The importance of a child’s first 1000 days has now been widely accepted by the medical fraternity. Yet, we do not know much about caring practices in low-resource settings.
This study aimed to investigate the caring capabilities of mothers in a low-resource setting.
In this study, in-depth interviews were conducted with 18 mothers with children aged 30 months or younger to better understand the arrangements, means and ends that inform developmental health in a low-resource setting in South Africa. The study was conducted in a low-income area, the former black township of Mangaung in Bloemfontein. The mothers were recruited via pamphlets, and two interviews followed. Because of Covid-19, interviews took place via mobile phones, in Sesotho, the local language in the area. Trained fieldworkers conducted, translated and transcribed the interviews. We used thematic analysis and the capabilities approach as the theoretical framework to analyse the responses from the mothers.
We used the following organizing themes: pregnancy and ante-natal care, nutrition, cognitive and physical development, the home environment and access to health care. Although short-term reactions to pregnancy were often negative, the longer-term responses showed that the respondents have agency. Most of them could change their nutrition habits, breastfeed and receive adequate nutrition support from the public health system. Most experienced joy when their children reached milestones (cognitive and others), although they became anxious if milestones were not reached. They emphasized children’s play and had dreams for their children’s futures. Technology was often mentioned as playing a role in their children’s development. A large proportion of the respondents had disrupted homes (because of absent or abusive fathers), but some had stable homes. Most of them showed substantial capability to overcome adverse home environments. The public health system helped them deal with their health problems and their children’s health problems, although it also created anxiety in many cases. Our data show how they develop their capabilities and overcome obstacles organically in the face of resource limitations. Despite pregnancies being unexpected and unplanned and fathers being absent, the respondents accepted the pregnancy, adjusted their diets and social behaviour, showed agency by attending primary healthcare facilities and ensured that their children received the required vaccinations. Their extended families played an important role in providing care. Despite the sacrifices, the respondents expressed joy and helped their children function by eating, playing, socializing, learning and using their senses.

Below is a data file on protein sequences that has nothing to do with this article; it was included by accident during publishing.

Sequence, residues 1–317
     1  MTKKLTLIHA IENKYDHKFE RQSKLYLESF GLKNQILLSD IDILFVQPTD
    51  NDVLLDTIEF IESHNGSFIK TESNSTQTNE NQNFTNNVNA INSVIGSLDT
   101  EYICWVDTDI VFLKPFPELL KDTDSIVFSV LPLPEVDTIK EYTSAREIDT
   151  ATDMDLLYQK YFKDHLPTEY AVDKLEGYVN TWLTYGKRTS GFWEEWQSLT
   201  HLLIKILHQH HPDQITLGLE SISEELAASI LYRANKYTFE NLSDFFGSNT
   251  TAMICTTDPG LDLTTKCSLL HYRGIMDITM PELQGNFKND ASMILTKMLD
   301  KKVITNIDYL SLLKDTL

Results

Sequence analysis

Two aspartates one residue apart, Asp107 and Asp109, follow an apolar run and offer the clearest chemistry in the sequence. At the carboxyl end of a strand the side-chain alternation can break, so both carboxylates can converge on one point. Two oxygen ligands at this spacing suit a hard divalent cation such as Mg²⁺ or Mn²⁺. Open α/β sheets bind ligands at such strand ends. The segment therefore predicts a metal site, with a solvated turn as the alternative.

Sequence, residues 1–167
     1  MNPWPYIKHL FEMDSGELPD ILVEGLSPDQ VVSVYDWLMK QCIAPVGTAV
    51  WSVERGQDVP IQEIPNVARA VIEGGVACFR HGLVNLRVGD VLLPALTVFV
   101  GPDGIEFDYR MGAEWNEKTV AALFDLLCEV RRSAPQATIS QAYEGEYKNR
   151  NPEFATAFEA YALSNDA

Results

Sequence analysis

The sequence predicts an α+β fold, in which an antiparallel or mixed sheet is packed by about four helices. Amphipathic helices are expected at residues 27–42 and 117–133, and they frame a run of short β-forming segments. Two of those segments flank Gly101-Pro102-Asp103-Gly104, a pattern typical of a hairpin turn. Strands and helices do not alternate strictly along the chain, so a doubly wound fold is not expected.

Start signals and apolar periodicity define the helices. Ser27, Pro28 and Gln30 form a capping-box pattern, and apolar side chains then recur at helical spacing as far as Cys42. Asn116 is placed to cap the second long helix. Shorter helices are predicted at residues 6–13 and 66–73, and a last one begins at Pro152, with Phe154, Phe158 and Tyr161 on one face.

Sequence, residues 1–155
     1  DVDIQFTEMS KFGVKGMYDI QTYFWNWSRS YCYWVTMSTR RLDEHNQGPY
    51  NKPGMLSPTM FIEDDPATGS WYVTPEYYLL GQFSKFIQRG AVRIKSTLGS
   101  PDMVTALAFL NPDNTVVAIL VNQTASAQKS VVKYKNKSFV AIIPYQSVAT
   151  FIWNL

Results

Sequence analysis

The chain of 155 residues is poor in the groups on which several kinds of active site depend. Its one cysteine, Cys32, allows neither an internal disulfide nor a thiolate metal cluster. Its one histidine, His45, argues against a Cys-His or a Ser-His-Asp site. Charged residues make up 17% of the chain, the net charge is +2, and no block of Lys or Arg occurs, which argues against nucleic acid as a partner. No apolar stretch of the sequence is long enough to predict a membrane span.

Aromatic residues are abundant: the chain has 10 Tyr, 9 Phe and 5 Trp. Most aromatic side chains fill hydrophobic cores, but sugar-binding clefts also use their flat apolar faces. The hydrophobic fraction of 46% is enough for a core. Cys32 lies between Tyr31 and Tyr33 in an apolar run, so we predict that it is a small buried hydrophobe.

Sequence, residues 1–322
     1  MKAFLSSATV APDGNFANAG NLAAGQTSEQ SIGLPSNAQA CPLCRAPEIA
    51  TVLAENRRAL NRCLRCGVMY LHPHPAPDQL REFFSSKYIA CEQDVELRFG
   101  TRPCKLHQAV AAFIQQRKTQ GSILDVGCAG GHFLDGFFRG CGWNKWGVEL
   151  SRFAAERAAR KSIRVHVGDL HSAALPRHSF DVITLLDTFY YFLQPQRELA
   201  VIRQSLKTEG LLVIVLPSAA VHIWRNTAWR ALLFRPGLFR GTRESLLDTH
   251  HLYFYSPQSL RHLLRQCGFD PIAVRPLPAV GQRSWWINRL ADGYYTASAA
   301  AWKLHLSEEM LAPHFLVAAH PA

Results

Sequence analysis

Our sample of mothers have the agency to adapt to the demands of parenthood and childcare and overcome adversity. Our data support the notion that mothers are held disproportionately and unfairly responsible for achieving the first 1000 days ideals. Despite considerable curtailment of their functionings and capabilities, they nevertheless showed agency to ensure their health and their children’s health. A holistic approach should consider these findings in designing policy interventions for children’s developmental health.
Patient and Public Contribution
We used paid fieldworkers to interact with the research participants.